The pumps A, B and C are positive displacement pumps to meter precise amounts of solution so that the analyzer can accurately analyze the product level in the sample. It is also important that the seal flush pump C accurately pumps the seal flush solution to properly flush the seals of the measuring cells.
The metering pumps A, B and C, pinch valve 50, and positive displacement piston pump for the measuring cell are driven by a single motor in timed relation so that they operate sequentially. The pumping strokes of pumps A and B are operated simultaneously and the intake strokes of pumps A and B are operated simultaneously. Pump C is pumping when pumps A and B are on their intake strokes. When the pumps A and B are going through their pumping strokes, a lower part 51 of the pinch valve mechanism is closed to pinch and close those lines going through the lower part. During the intake stroke of pumps A and B, the upper part 52 of the pinch valve is closed and the lower part is open, respectively closing the lines going through the upper part and opening the lines going through the lower part. When the measuring cell or sample cell pump is loading the measuring cell with a sample, and therefore during the loading stroke or intake stroke, the upper part of the pinch valve is open and the lower part is closed, respectively opening the lines going through the upper part and closing the lines going through the lower part. Thereafter, during the unloading stroke of the sample cell pump, the upper part of the pinch valve is closed and the lower part is open, respectively closing the lines going through the upper part and opening the lines going through the lower part.
In order to compensate for a possible change in the light source of the measuring cell, the photocell structure includes a reference cell and a measuring cell wherein the actual measurement constitutes a difference between the signal generated in the reference cell and the signal generated in the measuring cell.
In view of the foregoing, it can be appreciated that continuous and automatic measuring of the product level which would be indicative of the level of product in the boiler feedwater system is accomplished in order to produce the optimum scale formation control so that the optimum efficiency is obtained by the boiler and downtime for cleaning scale from heat transfer surfaces is minimized.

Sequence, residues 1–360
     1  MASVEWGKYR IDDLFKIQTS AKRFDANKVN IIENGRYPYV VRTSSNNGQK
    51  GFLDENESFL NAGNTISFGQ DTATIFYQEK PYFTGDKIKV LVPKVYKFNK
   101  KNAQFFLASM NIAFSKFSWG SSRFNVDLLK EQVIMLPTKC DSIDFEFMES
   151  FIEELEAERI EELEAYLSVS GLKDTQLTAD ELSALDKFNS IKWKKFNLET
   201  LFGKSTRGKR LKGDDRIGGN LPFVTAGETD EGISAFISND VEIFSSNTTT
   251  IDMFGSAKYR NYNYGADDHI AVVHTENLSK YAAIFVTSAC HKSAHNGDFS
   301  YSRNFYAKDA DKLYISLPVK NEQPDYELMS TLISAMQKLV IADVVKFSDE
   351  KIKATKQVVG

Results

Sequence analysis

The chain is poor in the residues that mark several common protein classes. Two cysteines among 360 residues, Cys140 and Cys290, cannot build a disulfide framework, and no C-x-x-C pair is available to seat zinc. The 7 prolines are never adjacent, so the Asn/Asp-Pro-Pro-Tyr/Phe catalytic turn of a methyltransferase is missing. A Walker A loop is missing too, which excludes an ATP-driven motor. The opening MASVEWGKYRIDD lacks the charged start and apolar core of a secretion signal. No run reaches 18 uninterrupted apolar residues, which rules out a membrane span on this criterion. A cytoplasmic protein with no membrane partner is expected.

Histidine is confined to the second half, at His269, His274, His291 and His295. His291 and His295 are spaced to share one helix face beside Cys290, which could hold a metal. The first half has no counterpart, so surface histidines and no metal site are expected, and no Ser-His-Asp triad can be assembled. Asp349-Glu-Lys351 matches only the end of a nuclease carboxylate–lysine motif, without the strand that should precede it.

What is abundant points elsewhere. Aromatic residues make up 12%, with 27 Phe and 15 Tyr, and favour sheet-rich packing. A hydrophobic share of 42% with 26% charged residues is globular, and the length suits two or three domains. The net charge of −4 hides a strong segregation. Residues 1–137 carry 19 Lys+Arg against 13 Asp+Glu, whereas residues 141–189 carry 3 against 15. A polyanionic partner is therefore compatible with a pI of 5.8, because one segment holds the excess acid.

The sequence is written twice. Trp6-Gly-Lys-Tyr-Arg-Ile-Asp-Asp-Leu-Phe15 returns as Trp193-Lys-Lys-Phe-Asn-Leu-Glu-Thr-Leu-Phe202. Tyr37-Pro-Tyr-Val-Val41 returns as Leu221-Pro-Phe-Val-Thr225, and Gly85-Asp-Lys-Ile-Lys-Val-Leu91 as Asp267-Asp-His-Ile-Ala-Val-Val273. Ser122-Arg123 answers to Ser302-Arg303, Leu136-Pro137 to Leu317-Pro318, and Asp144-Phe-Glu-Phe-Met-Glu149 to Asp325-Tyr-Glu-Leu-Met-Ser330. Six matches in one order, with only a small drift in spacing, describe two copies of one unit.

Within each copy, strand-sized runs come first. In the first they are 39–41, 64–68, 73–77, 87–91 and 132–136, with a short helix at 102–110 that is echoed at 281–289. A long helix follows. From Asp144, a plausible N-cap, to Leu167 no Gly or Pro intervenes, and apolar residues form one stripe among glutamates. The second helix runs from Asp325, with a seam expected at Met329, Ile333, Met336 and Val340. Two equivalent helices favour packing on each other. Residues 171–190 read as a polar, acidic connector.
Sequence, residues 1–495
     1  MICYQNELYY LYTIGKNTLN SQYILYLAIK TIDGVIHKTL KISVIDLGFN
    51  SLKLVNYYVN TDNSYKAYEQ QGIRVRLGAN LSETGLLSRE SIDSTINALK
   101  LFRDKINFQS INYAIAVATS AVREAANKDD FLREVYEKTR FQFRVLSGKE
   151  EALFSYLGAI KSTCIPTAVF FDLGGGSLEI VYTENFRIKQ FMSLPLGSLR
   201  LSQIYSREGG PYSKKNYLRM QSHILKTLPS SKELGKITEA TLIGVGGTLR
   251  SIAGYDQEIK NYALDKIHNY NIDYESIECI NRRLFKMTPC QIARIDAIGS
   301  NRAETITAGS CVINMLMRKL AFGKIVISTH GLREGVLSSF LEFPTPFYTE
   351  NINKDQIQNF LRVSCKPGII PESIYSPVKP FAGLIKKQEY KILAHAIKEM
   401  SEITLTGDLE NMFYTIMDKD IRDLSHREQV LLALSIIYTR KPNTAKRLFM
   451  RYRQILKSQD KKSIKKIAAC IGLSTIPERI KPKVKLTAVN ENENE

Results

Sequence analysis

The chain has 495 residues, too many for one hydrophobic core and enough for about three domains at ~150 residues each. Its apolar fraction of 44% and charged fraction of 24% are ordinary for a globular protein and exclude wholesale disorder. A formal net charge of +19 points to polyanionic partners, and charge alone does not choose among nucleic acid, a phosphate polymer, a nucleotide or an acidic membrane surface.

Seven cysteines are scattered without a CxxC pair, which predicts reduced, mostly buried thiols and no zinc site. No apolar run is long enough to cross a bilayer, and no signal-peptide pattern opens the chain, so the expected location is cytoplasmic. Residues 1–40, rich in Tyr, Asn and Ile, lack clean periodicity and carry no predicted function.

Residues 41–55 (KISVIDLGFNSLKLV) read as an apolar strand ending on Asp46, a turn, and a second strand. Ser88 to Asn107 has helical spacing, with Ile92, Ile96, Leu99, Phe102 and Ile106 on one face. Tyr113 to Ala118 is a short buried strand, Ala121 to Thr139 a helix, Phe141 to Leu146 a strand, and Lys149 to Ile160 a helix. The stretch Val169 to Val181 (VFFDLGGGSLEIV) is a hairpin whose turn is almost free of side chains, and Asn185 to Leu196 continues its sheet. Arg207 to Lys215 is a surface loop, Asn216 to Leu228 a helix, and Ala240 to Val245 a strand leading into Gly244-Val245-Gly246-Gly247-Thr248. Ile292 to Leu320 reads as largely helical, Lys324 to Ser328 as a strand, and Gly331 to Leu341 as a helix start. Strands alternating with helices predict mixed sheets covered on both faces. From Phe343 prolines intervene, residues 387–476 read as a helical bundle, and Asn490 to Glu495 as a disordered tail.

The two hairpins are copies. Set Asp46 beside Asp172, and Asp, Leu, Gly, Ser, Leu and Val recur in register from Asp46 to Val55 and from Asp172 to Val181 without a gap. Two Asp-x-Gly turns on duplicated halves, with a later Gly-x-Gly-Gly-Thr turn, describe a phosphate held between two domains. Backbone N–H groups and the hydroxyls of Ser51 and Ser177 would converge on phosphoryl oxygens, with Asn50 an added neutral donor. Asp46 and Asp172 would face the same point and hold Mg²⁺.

It will be understood that modifications and variations may be effected without departing from the scope of the novel concepts of the present invention, but it is understood that this application is to be limited only by the scope of the appended claims.
1. A method of continuously and automatically measuring the level of a product in a boiler feedwater, wherein the product comprises a copolymer of acrylamide and acrylate and a copolymer of acrylic acid and sodium vinyl sulphonate, and said measuring is made with an analyzer having an inlet line connected to the feedwater to continuously sample the feedwater and by adding a reagent in the form of a precipitating agent to the sample to develop turbidity as a measure of the product level in the feedwater, said method including the steps of metering precise volume of said sample and said reagent to a mixing means, the reagent being formulated to coact only with the total acrylate component of the product to produce said turbidity, mixing the metered volumes of said sample and said reagent to define a reacted sample with turbidity, isolating a volume of said reacted sample and photometrically measuring the turbidity in the isolated reacted sample, wherein the step of isolating a volume of said reacted sample includes combining a portion of just measured reacted sample with a portion of new reacted sample.
2. The method of claim 1, wherein the step of isolating a volume of the reacted sample further includes the step of preventing air bubbles to leak in the just measured portion of the reacted sample.
|3895913||July 1975||Bockowski et al.|
|3953136||April 27, 1976||Hach|
|4457847||July 3, 1984||Lorenc et al.|
|4715710||December 29, 1987||Andersen|
- Crummett, W. B., and R. A. Hummel, "Determination of Polyacrylamides", Journal AWWA, Feb., 1963, pp. 211-219. "Products for Process Analysis", Hach Company, Mar. 1989.
International Classification: G01N 2182;